print Ruler_AsBinaryString(c)
```

B. Wichmann. A note on restricted difference bases.

J. London Math. Soc. 38, 1962, 465-466

Let us look at two examples first.

In [51]:

```
R = [0, 1, 2, 8, 15, 16, 26, 36, 46, 56, 59, 63, 65, 68]
Composition(R)
```

Out[51]:

In [52]:

```
S = [0, 1, 2, 5, 10, 15, 26, 37, 48, 54, 60, 66, 67, 68]
Composition(S)
```

Out[52]:

Both rulers R and S are optimal. However the second one has a special structure which can be read of from his associated composition. To see this let us look at the type of the composition of S.

type(R) = [1*2, 6*1, 7*1, 1*1, 10*4, 3*1, 4*1, 2*1, 3*1]

type(S) = [1*2, 3*1, 5*2, 11*3, 6*3, 1*2]

The symbolic notation 'p*m' means 'p occures m times in immediate succession'. 'p' denotes the part and 'm' the multiplicity.

Def. The type of a ruler is the type of its associated composition.

Def. A ruler is of Wichmann type if its type has the form, for r >= 0, s >= 0,

W(r, s) = [1*r, r+1, (2r+1)*r, (4r+3)*s, (2r+2)*(r+1), 1*r]

We see that the second ruler is of Wichmann type: type(S) = W(2,3).

If a ruler R is of Wichmann type then the number of segments of R is S = 4r+s+2 and the length of R is L = 4r(r+s+2) + 3(s+1).

In [53]:

```
def flatten(I) :
""" Utility function unrelated to rulers """
L = []
for i in I :
if hasattr(i, "__iter__") :
L.extend(flatten(i))
else :
L.append(i)
return L
def Wichmann(r,s) :
C = [[1]*r,r+1,[2*r+1]*r,[4*r+3]*s,[2*r+2]*(r+1),[1]*r]
return Partsum(flatten(C))
```

In [54]:

```
Wichmann(2,3)
```

Out[54]:

Or as a binary strings:

In [55]:

```
Ruler_AsBinaryString(Wichmann(2,3))
```

Out[55]:

Since the 1s are the markers of the ruler and the number of markers is M = S + 1 the binary string representation of a Wichmann ruler of type (r,s) contains exactly 4r+s+3 times the 1.

The optimal ruler conjecture

Not every optimal ruler is a ruler of Wichmann type. In the last section we saw an example for such a ruler.

However it was conjectured:

All optimal rulers with more than 13 segments are either Wichmann rulers or the mirror images of Wichmann rulers.

If the conjecture is true than the sequence A004137 continues 168, 183, 198, 213, 232, 251, 270, 289, 308, 327,...

A more cautious conjecture is: In the set of optimal rulers with S segments where S > 12 there exists at least one ruler of Wichmann type.

In view of the small basis of evidence at the current state this conjecture should preferably be regarded as a challenge for research. In any case it is an interesting observation and an investigation of the relation between optimal rulers and Wichmann rulers appears to be a worthwhile endeavor.

It should also be noted that rulers with different Wichmann types can fall into the same class of optimal rulers as the example below shows.

In [56]:

```
print Wichmann(2,8)
print Wichmann(3,4)
```

See also the sequences A193802 and A193803.

Note that we use the number of segments S rather than the number of marks M as our primary id. A larger table can be found here.

Seg-ment |
Length |
PerfectOptimal |
Sum |

0 | 0 | 1 | 1 |

1 | 1 | 1 | 1 |

2 | 2 | 1 | 3 |

3 | 2 | ||

3 | 4 | 3 | 9 |

5 | 4 | ||

6 | 2 | ||

4 | 7 | 12 | 24 |

8 | 8 | ||

9 | 4 | ||

5 | 10 | 38 | 88 |

11 | 30 | ||

12 | 14 | ||

13 | 6 | ||

OEIS | A103297 A004137 |
A103300 A103299 |
A103301 |

The challenges now are:

- Extend this table!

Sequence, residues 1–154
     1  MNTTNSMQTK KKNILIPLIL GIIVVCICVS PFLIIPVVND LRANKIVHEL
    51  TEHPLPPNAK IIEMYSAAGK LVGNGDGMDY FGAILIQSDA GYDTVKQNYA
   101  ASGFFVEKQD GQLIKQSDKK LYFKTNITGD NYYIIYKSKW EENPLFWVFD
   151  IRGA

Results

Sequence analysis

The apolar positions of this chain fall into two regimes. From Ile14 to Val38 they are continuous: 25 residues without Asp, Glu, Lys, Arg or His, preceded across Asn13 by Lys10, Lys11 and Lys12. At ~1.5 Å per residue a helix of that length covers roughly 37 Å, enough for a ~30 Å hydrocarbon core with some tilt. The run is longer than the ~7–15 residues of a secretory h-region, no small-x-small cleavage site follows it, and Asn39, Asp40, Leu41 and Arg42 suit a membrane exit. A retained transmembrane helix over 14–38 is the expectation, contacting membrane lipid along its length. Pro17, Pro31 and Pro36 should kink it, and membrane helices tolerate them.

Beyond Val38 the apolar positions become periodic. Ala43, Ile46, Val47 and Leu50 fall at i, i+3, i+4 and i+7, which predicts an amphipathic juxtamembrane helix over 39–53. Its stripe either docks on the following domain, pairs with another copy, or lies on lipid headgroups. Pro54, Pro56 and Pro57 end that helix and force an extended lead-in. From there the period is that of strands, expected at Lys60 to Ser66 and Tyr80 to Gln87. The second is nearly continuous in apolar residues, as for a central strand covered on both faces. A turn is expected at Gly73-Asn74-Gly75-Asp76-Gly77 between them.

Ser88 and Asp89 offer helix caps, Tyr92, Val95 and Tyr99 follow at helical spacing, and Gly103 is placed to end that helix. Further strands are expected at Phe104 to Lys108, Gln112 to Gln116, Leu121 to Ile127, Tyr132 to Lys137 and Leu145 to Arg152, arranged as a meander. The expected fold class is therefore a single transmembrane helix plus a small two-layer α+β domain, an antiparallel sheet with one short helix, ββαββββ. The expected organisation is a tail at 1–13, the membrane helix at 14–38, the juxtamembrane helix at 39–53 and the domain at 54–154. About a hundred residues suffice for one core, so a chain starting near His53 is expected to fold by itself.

- Generate perfect rulers fast!
- (Dis-)Prove the optimal ruler conjecture.

A prime number ruler is a ruler such that the interior marks of the ruler are on prime number positions.

Prime number rulers were studied by Naoyuki Tamura. He proved that there exist only finite many prime number rulers and gave a complete list of the minimal prime number rulers which is shown below.

segments | length | perfect optimal |
ruler |

2 | 3 | ★ / ★ | [0, 2, 3] |

3 | 4 | ★ | [0, 2, 3, 4] |

3 | 6 | ★ / ★ | [0, 2, 5, 6] |

4 | 8 | ★ | [0, 2, 3, 7, 8] |

6 | 12 | [0, 2, 3, 5, 7, 11, 12] | |

6 | 14 | ★ | [0, 2, 3, 5, 7, 13, 14] |

6 | 14 | ★ | [0, 2, 3, 7, 11, 13, 14] |

7 | 18 | ★ | [0, 2, 3, 5, 7, 11, 17, 18] |

7 | 18 | ★ | [0, 2, 3, 5, 11, 13, 17, 18] |

7 | 20 | ★ | [0, 2, 3, 7, 11, 17, 19, 20] |

8 | 20 | [0, 2, 3, 5, 7, 11, 13, 19, 20] | |

8 | 20 | [0, 2, 3, 5, 11, 13, 17, 19, 20] | |

8 | 24 | ★ | [0, 2, 3, 5, 7, 11, 17, 23, 24] |

9 | 24 | [0, 2, 3, 5, 11, 13, 17, 19, 23, 24] | |

9 | 30 | ★ | [0, 2, 3, 5, 7, 11, 17, 23, 29, 30] |

9 | 32 | ★ | [0, 2, 3, 7, 13, 17, 23, 29, 31, 32] |

10 | 32 | [0, 2, 3, 7, 11, 17, 19, 23, 29, 31, 32] | |

11 | 38 | [0, 2, 3, 5, 7, 13, 19, 23, 29, 31, 37, 38] | |

12 | 44 | [0, 2, 3, 5, 7, 11, 19, 23, 29, 31, 37, 43, 44] | |

12 | 44 | [0, 2, 3, 5, 11, 13, 19, 23, 29, 37, 41, 43, 44] | |

12 | 44 | [0, 2, 3, 5, 11, 17, 19, 23, 31, 37, 41, 43, 44] | |

12 | 44 | [0, 2, 3, 5, 11, 19, 23, 29, 31, 37, 41, 43, 44] | |

12 | 44 | [0, 2, 3, 7, 11, 13, 19, 23, 29, 37, 41, 43, 44] | |

12 | 44 | [0, 2, 3, 7, 11, 17, 19, 23, 31, 37, 41, 43, 44] | |

12 | 44 | [0, 2, 3, 7, 11, 19, 23, 29, 31, 37,41, 43, 44] | |

15 | 62 | [0, 2, 3, 7, 13, 17, 23, 29, 31, 37, 43, 47, 53, 59, 61, 62] | |

15 | 62 | [0, 2, 3, 7, 13, 19, 23, 29, 31, 37, 41, 47, 53, 59, 61, 62] | |

15 | 62 | [0, 2, 3, 7, 13, 19, 23, 29, 31, 37, 43, 47, 53, 59, 61, 62] |

From this table we infer that the only possible lengths of minimal prime number rulers are:

3, 4, 6, 8, 12, 14, 18, 20, 24, 30, 32, 38, 44, 62.

Compare sequence A227956 in the Online Encyclopedia of Integer Sequences. The only possible lengths of perfect prime number rulers are:

3, 4, 6, 8, 14, 18, 20, 24, 30, 32.

The only possible lengths of optimal prime number rulers are:

3, 6.

There are 102 prime number rulers in total, 28 of which are minimal prime number rulers, 12 perfect prime number rulers and 2 optimal prime number rulers.

A simple fact: The length of a prime number ruler is p + 1 for some prime number p.

**Reference:** Naoyuki Tamura, *Complete List of Prime Number Rulers*,
Information Science and Technology Center, Kobe University, 2013.

A Sage implementation can be found at Prime Rulers.